Category Archives: Brazil visit 2013

Postcard from Campinas – the site of Brazil’s future synchrotron

Artist's impression of Brazil's Sirius synchrotron source.

Artist’s impression of Brazil’s Sirius synchrotron source. (Courtesy: LNLS)

By Susan Curtis in Campinas, Brazil

For the first time this week I woke to a brilliant blue sky, and below my hotel room I could see young Brazilians enjoying a quick game of football in the relative cool of the morning. Away from the traffic jams and unseasonably wet weather of the past few days, this seemed much more like the image of Brazil that’s projected to the outside world.

Today I was in Campinas, the third largest city in the state of São Paulo, some 100 km north-east of São Paulo itself. On the outskirts of the city is the National Center for Energy and Materials (CNPEM), home to Brazil’s synchrotron source as well as three national laboratories for nanotechnology, biosciences and ethanol production – which is a big deal for Brazil, since it offers a way to produce fuel from its abundant sugar cane.

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Postcard from Rio – following in Einstein’s footsteps

Photo of Einstein visiting Brazil's National Observatory in 1925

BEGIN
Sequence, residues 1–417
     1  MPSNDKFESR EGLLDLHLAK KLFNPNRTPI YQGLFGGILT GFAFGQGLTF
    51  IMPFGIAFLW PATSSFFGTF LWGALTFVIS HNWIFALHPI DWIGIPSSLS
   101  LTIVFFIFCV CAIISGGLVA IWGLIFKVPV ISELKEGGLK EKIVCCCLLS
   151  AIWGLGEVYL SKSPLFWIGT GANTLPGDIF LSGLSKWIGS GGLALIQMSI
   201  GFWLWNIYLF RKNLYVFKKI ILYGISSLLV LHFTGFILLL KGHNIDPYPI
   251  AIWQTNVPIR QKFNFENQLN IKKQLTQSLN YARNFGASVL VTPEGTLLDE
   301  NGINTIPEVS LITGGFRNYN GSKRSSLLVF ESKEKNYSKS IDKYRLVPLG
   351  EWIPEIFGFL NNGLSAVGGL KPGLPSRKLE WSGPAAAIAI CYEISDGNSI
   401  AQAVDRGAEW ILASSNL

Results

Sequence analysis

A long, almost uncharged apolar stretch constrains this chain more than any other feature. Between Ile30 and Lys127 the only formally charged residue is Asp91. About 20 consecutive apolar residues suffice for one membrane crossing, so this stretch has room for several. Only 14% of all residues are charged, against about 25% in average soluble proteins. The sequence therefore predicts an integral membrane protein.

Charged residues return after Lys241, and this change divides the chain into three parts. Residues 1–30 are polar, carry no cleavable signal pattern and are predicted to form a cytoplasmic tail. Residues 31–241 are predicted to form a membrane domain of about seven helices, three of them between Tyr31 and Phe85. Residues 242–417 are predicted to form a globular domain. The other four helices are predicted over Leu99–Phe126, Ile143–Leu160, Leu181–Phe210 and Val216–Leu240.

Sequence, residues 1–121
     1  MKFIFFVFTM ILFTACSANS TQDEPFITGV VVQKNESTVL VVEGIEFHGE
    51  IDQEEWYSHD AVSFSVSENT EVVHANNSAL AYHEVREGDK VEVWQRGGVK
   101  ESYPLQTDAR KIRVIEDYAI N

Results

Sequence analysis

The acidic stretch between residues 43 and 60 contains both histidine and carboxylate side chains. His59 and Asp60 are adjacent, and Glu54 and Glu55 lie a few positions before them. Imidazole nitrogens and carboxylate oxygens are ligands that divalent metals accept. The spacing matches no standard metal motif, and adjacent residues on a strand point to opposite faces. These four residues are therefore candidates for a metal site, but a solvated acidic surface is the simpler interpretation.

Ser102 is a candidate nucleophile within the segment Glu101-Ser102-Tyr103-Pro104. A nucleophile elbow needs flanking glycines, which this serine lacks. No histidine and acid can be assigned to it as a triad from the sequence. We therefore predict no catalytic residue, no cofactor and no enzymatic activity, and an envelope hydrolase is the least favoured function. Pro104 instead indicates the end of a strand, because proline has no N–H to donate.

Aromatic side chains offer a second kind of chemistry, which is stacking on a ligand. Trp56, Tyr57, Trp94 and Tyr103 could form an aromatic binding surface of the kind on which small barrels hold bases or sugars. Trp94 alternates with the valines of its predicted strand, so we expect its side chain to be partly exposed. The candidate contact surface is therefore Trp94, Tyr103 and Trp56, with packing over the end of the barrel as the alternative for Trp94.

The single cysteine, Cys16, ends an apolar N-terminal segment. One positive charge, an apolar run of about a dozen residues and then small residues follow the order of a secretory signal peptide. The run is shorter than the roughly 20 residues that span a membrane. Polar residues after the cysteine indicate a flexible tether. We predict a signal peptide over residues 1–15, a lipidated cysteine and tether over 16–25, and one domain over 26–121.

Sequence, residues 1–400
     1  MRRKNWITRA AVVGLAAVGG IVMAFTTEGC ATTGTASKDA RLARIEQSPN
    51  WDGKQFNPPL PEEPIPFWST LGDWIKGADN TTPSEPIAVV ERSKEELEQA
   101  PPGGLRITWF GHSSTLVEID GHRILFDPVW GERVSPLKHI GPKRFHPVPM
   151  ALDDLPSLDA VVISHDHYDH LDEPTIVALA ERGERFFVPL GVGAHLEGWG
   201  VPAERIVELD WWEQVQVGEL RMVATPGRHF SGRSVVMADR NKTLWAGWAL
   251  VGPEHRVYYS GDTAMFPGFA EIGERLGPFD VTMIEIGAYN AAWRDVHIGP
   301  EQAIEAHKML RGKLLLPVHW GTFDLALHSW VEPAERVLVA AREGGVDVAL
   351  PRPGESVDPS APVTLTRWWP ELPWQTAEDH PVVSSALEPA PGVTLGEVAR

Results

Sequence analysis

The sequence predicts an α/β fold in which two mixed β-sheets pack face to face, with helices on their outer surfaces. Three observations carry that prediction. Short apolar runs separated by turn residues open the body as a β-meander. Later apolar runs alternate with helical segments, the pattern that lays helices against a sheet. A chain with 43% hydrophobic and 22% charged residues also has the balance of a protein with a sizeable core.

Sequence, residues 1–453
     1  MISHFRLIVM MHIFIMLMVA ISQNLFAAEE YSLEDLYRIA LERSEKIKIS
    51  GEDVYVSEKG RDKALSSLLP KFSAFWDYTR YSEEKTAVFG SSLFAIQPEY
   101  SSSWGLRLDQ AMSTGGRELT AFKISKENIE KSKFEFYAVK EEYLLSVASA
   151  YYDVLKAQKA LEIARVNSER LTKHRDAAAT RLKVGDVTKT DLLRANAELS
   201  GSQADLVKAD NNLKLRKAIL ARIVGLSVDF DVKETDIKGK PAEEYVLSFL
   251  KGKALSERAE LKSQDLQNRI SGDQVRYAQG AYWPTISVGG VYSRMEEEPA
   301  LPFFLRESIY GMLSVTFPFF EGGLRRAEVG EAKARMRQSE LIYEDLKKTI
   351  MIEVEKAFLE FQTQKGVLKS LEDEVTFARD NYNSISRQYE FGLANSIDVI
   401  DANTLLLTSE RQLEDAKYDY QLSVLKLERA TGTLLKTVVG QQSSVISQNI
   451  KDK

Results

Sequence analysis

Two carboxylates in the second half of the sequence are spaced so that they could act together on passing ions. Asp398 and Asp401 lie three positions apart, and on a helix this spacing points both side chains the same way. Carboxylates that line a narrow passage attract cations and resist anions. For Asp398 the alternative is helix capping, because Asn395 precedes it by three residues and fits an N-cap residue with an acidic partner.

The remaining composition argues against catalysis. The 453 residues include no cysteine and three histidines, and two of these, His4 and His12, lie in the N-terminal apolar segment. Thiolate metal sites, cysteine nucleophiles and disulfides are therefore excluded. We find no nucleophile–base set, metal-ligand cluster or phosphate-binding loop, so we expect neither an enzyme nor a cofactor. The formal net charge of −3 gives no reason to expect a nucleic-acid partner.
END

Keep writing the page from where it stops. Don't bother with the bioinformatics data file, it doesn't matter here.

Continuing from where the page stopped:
Einstein visiting Brazil’s National Observatory in 1925. (Courtesy: Observatório Nacional)

By Matin Durrani in Rio de Janeiro

I don’t think I’ve ever talked to the head of a physics lab with a parrot screeching outside the window. But that was the case today when I visited the Brazil’s National Observatory – the country’s oldest scientific institution, founded in 1827 by Emperor Dom Pedro I just five years after the country won independence from Portugal.

The parrot was somewhere in the lush green trees directly outside the open windows of the director’s elegant first-floor office, which is currently occupied by the physicist Joao dos Anjos, who took over as head of the observatory earlier this year. (He also claimed his secretary had seen a ghost in the office recently, but that’s another story.)

After closing the windows’ shutters and switching on the air-conditioning, Dos Anjos explained how the observatory is now focused on three main activities – astronomy, geophysics and metrology. In fact, the observatory is still the official body in Brazil for setting time, which was one of its original missions, along with determining geographical locations and studying the country’s climate.

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Postcard from Rio – a paradise for physics?

Photo of Sugar Loaf Mountain

View towards the Sugar Loaf Mountain from the CBPF in Rio de Janeiro. (Courtesy: Herman Pessoa Lima)

By Matin Durrani in Rio de Janeiro

Having flown almost half-way round the world from Bristol to Rio, you might think there is little in common between Physics World‘s home city and the Brazilian metropolis.

But on my trip to the Brazilian Centre for Physics Research (CBPF) in Rio today, it soon became clear from the statistical physicist Constantino Tsallis, who hosted my visit, that there is indeed a link between the two cities. That connection lies with the Brazilian physicist César Lattes, who was the founding director of the CBPF.

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Postcard from Brazil – satellites and space weather

An image of Belém taken with the Brazilian-Chinese CBERS-2 satellite.